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11.5: N-glycosidic bonds

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    We have seen that when a second alcohol attacks a hemiacetal or hemiketal, the result is an acetal or ketal, with the glycosidic bonds in carbohydrates provided as an important example.  But what if a hemiacetal is attacked not by a second alcohol, but by an amine? 

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    What results in this case is a kind of ‘mixed acetal’ in which the carbon that was originally part of the aldehyde is bonded to one oxygen and one nitrogen.  These are referred to by biochemists as N-glycosidic bonds.  You may recognize them as the bonds that link DNA and RNA bases to the sugar-phosphate backbone:

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    The starting point for the synthesis of purine nucleotide triphosphates (ATP and GTP) is a phosphorylated derivative of the ribofuranose called phosphoribosylprophosphate (PRPP). In the first step of purine base synthesis, a molecule of ammonia attacks the anomeric carbon of PRPP, displacing the diphosphate group in a two-step (SN1) mechanism with an oxonium ion intermediate.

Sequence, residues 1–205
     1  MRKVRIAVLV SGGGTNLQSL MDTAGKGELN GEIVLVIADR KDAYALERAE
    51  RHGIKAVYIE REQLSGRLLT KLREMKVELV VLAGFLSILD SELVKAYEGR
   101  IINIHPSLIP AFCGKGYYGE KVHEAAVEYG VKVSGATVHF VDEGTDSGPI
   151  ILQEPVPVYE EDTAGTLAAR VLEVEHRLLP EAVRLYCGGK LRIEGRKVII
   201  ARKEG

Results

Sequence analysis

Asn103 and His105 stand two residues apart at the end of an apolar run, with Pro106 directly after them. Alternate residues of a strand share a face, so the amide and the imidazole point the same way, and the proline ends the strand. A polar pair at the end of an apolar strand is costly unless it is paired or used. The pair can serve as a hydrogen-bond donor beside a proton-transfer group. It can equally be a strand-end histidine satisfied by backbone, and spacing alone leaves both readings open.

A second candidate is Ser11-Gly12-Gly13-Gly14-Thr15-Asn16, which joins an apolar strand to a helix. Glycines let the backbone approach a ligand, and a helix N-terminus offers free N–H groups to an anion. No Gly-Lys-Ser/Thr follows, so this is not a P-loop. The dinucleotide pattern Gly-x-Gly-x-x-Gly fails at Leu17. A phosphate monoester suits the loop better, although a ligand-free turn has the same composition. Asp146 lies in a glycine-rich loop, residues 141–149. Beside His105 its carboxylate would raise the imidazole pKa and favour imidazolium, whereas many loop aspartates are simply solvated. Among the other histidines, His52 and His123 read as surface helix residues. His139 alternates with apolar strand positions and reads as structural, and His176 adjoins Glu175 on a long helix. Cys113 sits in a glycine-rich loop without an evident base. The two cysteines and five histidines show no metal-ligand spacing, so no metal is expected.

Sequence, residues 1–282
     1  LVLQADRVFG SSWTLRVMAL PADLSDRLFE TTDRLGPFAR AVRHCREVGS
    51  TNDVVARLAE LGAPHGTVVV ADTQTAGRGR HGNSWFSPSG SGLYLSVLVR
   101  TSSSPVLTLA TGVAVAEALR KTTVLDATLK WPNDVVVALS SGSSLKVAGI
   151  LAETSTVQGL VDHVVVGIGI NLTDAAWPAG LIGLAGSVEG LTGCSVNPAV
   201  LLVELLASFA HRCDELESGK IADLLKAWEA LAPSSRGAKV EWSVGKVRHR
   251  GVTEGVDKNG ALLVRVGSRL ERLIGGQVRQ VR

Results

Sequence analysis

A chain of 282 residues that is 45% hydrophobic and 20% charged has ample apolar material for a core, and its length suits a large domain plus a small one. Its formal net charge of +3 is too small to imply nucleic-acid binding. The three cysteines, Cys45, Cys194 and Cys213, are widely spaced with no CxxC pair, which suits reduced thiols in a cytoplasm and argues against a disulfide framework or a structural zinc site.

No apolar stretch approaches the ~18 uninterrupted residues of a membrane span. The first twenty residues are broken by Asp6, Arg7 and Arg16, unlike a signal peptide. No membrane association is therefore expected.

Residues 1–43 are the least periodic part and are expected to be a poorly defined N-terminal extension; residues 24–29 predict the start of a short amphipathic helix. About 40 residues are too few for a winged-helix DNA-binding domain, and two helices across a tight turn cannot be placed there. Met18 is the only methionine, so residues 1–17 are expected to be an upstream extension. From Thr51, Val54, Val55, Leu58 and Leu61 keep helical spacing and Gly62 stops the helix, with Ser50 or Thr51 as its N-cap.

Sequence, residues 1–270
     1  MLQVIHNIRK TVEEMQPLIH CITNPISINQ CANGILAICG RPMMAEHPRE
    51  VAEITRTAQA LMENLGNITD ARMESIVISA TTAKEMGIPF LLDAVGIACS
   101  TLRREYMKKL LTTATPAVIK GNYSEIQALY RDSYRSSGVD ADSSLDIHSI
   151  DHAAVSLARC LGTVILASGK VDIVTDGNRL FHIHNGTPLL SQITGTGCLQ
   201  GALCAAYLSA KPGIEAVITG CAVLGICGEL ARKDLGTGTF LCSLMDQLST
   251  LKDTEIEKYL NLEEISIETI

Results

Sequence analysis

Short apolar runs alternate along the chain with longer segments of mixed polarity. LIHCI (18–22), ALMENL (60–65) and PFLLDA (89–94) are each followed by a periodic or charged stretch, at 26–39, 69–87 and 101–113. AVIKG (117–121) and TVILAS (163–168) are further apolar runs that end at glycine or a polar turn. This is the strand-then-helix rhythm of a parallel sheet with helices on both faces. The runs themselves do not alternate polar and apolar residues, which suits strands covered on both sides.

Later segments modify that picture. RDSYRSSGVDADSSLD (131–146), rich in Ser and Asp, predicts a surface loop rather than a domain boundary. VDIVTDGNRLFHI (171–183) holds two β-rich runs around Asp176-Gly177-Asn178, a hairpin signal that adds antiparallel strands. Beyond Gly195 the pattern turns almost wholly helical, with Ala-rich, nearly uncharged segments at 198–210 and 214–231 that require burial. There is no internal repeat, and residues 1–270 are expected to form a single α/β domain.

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    As you can see, the reaction proceeds with inversion of configuration.  With the N-glycosidic bond in place, the rest of the DNA base is then built piece by piece.

    In the breakdown of the RNA base uridine, the N-glycosidic bond is broken by an attacking phosphate nucleophile:

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    This reaction also takes place with inversion of configuration, and although it would seem reasonable to assume that it proceeds via an SN1-like mechanism, recent evidence (Biochemistry 2011, 50, 9158) suggests that the mechanism is actually SN2.


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